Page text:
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The University of Toronto has a long and outstanding record of research and innovation in matters related to energy and the environment, including climate change. Over 200 U of T faculty members across our three campuses are engaged in these endeavours, many in collaboration with leading national and international institutions and organizations. They represent a wide range of disciplines – from Engineering and Physics to Biology and Public Health, Law and Political Science – and they are based in more than 30 academic units and affiliated hospitals. They also figure prominently among the University’s leading scholars and scientists, constituting almost 10 per cent of our Canada Research Chairs.

U of T’s contributions to research in relevant fields are magnified by the rare breadth and depth of academic excellence concentrated on our campuses.

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The unexpected link between the ozone hole and Arctic warming: U of T expert

One of the earliest climate model predictions of how human-made climate change would affect our planet showed that the Arctic would warm about two to three times more than the global average. Forty years later, this “Arctic amplification” has been observed first-hand.

Record-breaking Arctic warming and the dramatic decline of sea ice are having severe consequences on sensitive ecosystems in the region.

But why has the Arctic warmed more than the tropics and the mid-latitudes?

We now know that this is due, in part, to tiny concentrations of very powerful greenhouse gases, including ozone-depleting substances such as chlorofluorocarbons (CFCs).

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‘Reverse fuel cell’ built by U of T researchers converts waste carbon into valuable products

Fuel cells turn chemicals into electricity. Now, a team from the University of Toronto’s Faculty of Applied Science & Engineering has adapted technology from fuel cells to do the reverse: harness electricity to make valuable chemicals from waste carbon dioxide.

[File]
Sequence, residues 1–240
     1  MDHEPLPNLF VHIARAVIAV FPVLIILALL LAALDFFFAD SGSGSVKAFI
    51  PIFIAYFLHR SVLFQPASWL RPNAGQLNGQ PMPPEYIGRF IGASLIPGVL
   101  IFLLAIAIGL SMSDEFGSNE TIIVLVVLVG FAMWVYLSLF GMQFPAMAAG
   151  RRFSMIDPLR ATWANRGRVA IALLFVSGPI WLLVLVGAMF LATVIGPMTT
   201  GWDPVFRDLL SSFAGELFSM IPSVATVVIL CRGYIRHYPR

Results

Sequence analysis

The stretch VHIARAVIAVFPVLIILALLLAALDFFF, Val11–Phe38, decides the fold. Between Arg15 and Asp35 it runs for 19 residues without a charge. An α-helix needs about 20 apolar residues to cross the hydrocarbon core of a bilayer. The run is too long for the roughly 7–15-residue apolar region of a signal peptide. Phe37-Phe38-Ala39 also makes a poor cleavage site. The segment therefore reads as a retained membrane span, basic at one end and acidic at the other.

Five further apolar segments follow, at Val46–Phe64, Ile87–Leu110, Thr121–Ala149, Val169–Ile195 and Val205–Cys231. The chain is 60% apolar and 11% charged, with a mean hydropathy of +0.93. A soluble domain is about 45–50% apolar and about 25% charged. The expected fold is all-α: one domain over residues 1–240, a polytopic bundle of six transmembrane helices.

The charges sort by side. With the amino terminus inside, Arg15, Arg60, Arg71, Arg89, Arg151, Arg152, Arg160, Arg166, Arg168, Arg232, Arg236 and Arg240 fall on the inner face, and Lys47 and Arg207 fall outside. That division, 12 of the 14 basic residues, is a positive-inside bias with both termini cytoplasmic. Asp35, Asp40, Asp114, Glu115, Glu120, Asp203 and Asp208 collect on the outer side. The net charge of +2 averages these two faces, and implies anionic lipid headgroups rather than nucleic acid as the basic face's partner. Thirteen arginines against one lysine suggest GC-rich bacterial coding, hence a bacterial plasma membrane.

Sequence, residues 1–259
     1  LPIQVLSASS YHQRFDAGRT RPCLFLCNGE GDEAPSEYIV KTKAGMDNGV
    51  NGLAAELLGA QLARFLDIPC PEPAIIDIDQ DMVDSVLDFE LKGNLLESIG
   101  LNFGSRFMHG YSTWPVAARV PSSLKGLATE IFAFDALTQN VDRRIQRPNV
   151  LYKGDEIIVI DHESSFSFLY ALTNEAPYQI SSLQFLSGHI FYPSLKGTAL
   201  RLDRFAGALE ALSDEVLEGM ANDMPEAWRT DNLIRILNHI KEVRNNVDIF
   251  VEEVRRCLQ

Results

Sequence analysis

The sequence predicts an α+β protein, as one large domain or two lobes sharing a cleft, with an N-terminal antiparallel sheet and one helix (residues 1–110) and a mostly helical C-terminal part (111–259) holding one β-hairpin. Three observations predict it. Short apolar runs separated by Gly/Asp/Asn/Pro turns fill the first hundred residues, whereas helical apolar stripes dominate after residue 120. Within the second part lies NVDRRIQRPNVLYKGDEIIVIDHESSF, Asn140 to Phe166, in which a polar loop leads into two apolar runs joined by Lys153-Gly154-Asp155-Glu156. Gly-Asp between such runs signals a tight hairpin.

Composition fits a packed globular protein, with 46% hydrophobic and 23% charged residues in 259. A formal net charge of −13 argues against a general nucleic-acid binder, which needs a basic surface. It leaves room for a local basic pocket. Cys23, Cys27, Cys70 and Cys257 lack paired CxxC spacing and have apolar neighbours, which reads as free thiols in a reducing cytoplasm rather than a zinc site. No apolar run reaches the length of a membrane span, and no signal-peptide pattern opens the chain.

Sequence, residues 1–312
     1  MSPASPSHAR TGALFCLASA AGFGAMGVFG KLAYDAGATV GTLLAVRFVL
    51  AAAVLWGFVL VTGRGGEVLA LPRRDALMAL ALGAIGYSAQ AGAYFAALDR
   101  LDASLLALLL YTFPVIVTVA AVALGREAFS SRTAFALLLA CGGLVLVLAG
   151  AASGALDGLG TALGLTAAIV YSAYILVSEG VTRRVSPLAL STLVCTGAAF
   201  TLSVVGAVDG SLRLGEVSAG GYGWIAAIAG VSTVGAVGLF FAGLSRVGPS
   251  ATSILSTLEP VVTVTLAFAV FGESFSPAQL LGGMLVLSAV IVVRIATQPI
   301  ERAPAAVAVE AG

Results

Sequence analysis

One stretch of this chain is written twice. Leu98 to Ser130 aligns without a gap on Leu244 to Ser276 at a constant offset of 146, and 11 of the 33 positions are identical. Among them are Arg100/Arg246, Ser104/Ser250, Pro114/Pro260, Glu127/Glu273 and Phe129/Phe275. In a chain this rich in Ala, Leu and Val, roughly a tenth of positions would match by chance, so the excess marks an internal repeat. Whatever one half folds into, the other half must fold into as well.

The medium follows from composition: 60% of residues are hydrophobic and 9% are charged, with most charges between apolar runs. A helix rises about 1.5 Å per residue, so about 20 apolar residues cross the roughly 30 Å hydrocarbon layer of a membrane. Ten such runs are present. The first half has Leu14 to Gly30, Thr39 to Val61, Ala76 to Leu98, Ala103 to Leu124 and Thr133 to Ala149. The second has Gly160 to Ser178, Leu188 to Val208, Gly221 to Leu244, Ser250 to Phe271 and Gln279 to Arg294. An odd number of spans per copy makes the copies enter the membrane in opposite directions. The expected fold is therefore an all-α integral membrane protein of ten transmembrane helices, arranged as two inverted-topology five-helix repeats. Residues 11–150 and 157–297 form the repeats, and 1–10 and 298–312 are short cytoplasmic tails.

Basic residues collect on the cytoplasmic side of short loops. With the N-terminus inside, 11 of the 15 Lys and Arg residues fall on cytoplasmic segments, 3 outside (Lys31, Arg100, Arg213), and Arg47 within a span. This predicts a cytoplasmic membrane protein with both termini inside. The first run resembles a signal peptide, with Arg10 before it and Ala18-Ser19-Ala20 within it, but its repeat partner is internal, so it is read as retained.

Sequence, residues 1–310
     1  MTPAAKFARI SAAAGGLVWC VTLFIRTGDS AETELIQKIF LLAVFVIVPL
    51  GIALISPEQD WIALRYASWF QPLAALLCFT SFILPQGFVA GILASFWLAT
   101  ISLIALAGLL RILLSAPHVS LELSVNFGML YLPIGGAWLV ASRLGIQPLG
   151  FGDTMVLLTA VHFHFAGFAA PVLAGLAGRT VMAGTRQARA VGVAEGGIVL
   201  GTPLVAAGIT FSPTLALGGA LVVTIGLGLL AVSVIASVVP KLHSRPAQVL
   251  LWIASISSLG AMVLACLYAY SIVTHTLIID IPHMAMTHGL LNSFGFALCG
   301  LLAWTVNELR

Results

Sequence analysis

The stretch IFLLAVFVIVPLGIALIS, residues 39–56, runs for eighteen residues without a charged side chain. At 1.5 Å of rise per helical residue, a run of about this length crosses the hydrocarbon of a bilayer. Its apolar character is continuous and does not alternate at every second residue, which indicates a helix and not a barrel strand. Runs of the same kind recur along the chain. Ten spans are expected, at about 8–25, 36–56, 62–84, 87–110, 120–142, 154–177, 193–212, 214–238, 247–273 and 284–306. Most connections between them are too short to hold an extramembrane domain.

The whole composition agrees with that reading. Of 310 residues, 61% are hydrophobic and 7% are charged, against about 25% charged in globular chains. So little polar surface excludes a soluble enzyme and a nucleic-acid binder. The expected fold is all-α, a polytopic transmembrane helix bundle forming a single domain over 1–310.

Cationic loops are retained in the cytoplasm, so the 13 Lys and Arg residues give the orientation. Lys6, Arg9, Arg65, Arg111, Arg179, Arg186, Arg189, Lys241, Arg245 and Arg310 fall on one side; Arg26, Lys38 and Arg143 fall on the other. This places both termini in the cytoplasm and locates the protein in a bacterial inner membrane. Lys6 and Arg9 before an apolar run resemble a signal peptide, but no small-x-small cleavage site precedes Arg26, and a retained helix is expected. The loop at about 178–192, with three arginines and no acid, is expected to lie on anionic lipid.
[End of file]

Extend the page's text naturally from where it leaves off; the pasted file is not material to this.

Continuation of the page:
The research was recently published in the journal Science.

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Microplastic pollution is everywhere, but scientists are still learning how it harms wildlife: U of T experts

Plastic pollution is a growing global concern. Large pieces of plastic have been found almost everywhere on Earth, from the most visited beaches to remote, uninhabited islands. Because wildlife are regularly exposed to plastic pollution, we often ask what effects plastics have on the animals.

Over time, macroplastics (plastic debris larger than five millimetres in size) break up into tiny particles called microplastics (smaller than five millimetres), which can persist in the environment for hundreds of years.

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Substances that created hole in ozone may account for half of Arctic warming, U of T researchers find

The substances responsible for creating a massive hole in the Earth’s ozone layer may account for nearly half of Arctic warming over a 50-year period, according to a new study by researchers at the University of Toronto.

The research, published in Nature Climate Change, highlights how ozone-depleting substances (ODS) are a significant and unrecognized source of 20th-century Arctic climate change.

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U of T researchers turn McDonald’s deep fryer oil into high-end 3D printing resin

Researchers at the University of Toronto Scarborough have, for the first time, turned waste cooking oil – from the deep fryers of a local McDonald’s – into a high-resolution, biodegradable 3D printing resin.

Using waste cooking oil for 3D printing has significant potential. Not only is it cheaper to make, the plastics made from it break down naturally unlike conventional 3D printing resins.

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U of T researchers develop sponge that removes oil from water

University of Toronto researchers have developed a new strategy to remove tiny oil droplets from wastewater with more than 90 per cent efficiency in just 10 minutes. Their secret weapon? 

A sponge. 

“Oil extraction operations such as hydraulic fracturing, or fracking, produce nearly 100 billion barrels of oil-contaminated wastewater each year,” says Chul Park, a professor in the department of mechanical and industrial engineering in the Faculty of Applied Science & Engineering. 

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